Why is it that Controlled Re-entry Vehicles (like the most recent Orion & Dragon) do not use a strong magnetic field during re-entry to "shield" the blunt shaped end from plasma ?

Reasoning: Charged particles (plasma) are deflected by magnetic fields.

The magnetic field will only have to be activated for a few minutes & maybe can also pivot the vehicle by controlling its magnitude ever so slightly. It is mainly used to reduce the heat load/intensity on the heat shield, control descent speed and provide maneuverability Newtons 3rd law states that the magnetic field will slow down the vehicle depending on its strength.

A quick calculation using $F=qvB$, where $v=8900\text{ m/s}$ (highest velocity on reentry), $F=255\text{ kN}$ (3g deceleration on orion crew module $8.5 \text{ tons}$), $q=10\text{ C}$ (Arbitrary) implies $B=2 \text{ Tesla}$. Which is possible to build light.The charge of plasma was chosen randomly, a more accurate charge will be very helpful!

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    $\begingroup$ If you want to add supplemental information to your question, please edit it into the question; do not leave it as comments. $\endgroup$
    – user
    Dec 20, 2014 at 15:54
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    $\begingroup$ An interesting thread on that topic: forum.nasaspaceflight.com/index.php?topic=29912.0 The thread evidently led to some effort from Jon Goff to develop this concept: parabolicarc.com/2014/05/05/altius-space-machines $\endgroup$
    – HopDavid
    Dec 20, 2014 at 19:07
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    $\begingroup$ In addition to the points Deer Hunter raised in his answer, I would add that using a powered magnet to deflect ionized-gas is more complicated and prone to failure than a heat-shield, which has no components and weighs very little (typical heat-shield material, like PICA, is very light). And it's also (relatively) cheap. So, you're suggesting a more complex, likely heavier and more expensive solution that is inherently more likely to fail. And you'd still have to have some sort of heat shield even if the magnetic deflection worked. So.. it seems like the existing solution is better? $\endgroup$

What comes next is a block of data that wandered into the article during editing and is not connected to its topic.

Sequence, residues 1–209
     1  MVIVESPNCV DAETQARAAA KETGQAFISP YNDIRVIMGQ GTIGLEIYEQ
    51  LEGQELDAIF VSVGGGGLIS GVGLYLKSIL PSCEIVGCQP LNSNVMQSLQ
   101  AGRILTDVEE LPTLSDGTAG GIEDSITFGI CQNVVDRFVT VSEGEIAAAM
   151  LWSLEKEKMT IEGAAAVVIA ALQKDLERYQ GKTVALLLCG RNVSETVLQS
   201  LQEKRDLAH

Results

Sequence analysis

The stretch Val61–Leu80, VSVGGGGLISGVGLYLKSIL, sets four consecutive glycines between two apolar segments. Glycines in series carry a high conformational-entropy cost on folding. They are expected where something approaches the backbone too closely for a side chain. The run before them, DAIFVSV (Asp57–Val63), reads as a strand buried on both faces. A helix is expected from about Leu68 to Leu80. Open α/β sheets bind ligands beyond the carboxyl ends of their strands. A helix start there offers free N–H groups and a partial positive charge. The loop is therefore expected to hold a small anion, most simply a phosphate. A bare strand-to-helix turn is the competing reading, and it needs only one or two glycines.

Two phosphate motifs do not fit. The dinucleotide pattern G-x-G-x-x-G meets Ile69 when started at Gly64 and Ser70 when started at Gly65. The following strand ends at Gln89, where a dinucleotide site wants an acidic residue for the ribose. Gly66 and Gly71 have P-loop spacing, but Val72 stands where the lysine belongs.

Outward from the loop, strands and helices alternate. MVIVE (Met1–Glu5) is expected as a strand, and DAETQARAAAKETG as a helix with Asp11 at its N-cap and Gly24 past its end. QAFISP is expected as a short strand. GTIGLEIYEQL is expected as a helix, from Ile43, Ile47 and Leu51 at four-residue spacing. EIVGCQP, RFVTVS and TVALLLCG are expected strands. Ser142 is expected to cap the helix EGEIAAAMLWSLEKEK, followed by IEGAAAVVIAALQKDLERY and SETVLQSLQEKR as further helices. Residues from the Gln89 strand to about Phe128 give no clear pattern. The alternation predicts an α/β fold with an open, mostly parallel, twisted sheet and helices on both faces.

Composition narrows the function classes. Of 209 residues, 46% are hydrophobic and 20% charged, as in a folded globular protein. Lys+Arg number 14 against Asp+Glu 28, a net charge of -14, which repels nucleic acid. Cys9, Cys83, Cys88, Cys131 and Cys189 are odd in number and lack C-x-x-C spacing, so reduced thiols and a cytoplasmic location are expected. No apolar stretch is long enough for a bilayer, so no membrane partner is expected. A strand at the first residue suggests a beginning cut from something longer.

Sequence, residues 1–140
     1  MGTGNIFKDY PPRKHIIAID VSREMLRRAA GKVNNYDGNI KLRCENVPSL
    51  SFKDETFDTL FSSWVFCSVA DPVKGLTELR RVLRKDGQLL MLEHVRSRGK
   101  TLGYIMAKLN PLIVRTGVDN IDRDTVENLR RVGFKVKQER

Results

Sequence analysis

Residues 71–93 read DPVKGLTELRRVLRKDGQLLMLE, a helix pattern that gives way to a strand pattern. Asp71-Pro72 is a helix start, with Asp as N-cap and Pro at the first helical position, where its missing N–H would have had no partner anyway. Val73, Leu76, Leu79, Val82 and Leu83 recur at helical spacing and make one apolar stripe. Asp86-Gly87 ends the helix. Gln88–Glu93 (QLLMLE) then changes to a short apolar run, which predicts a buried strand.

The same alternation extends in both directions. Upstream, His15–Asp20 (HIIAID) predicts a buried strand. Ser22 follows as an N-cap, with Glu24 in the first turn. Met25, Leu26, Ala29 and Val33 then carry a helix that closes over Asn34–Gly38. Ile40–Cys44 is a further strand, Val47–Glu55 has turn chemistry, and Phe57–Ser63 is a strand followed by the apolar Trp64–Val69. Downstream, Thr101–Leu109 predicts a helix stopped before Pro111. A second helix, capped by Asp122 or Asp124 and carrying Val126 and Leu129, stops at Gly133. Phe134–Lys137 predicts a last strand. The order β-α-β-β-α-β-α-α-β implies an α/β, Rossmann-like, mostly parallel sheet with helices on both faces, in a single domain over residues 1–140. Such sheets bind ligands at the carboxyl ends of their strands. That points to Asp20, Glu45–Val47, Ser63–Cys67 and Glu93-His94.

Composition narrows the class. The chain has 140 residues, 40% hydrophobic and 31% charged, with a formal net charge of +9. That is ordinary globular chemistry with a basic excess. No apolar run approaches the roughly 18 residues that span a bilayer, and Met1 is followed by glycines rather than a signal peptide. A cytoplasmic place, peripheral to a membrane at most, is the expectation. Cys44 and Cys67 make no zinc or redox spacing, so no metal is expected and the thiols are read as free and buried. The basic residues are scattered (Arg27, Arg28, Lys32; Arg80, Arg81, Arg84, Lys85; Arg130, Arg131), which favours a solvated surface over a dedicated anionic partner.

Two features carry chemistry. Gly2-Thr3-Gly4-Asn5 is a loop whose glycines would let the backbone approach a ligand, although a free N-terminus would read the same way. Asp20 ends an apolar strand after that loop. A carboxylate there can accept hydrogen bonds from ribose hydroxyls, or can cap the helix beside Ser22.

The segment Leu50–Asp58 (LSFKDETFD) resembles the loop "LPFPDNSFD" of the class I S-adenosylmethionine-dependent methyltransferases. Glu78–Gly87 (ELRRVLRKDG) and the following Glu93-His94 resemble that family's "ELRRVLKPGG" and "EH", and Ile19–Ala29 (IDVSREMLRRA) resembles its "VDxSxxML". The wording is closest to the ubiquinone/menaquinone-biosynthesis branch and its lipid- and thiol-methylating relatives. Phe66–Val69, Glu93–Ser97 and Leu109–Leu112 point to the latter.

– Kirkaiya
    Dec 21, 2014 at 0:57
  • $\begingroup$ The 2 links were very helpful, seems like its already being developed. But for now PICA is the cheapest/most efficient option we have until more R&D is undertaken. $\endgroup$
    – Firas
    Dec 21, 2014 at 9:17
  • $\begingroup$ Related: space.stackexchange.com/questions/5205/… $\endgroup$
    – Stu
    Dec 22, 2014 at 14:35

2 Answers 2


There are several misconceptions in your question/proposal:

  1. The Orion and the Dragon as well as other reentry capsules do not fly with the cone tip forward. They fly with the blunt "bottom" side forward. (fixed in the revised question)

  2. Plasma is created by the very passage of the vehicle through the air at high hypersonic velocities. At lower velocities, ionization is far less, but the resistance from the air is much more - imagine hitting a brick wall at 60 mph.

  3. Magnetic field requires bulky generators and heavier batteries, which makes launches much more expensive.

  4. Reentry means using the Earth's atmosphere to decelerate the craft. If you somehow remove the source of drag, you are nullifying the advantages the atmosphere provides.

However, your question has the seeds of usable engineering devices, albeit for other phases of flight or purposes:

  1. Launch through the lower, densest atmosphere does benefit from drag reduction. Hence, aerospikes have been invented.

  2. Designers of reentry vehicles in less civilian settings may find it necessary to reduce their radar signature, and may resort to "electromagnetic cloaking".

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    $\begingroup$ There have been idle discussions of charging batteries from the plasma going by. Sort of a regenerative braking. The braking would be comparatively small, but you could in principle harvest a fair bit of electrical energy. $\endgroup$
    – Mark Adler
    Dec 20, 2014 at 15:50
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    $\begingroup$ If electromagnetic shielding is feasible but for the energy requirement, and electrical energy can be harvested from the plasma, what about using the plasma to power a shield, requiring only batteries to "kick start" it? $\endgroup$
    – Anthony X
    Dec 20, 2014 at 20:29

There have been suggestions for using a heat shield that has many small holes to allow flowing water through it. This would let the energy transpire the water instead of melting the materials. But you have to carry enough water for landing in that case.


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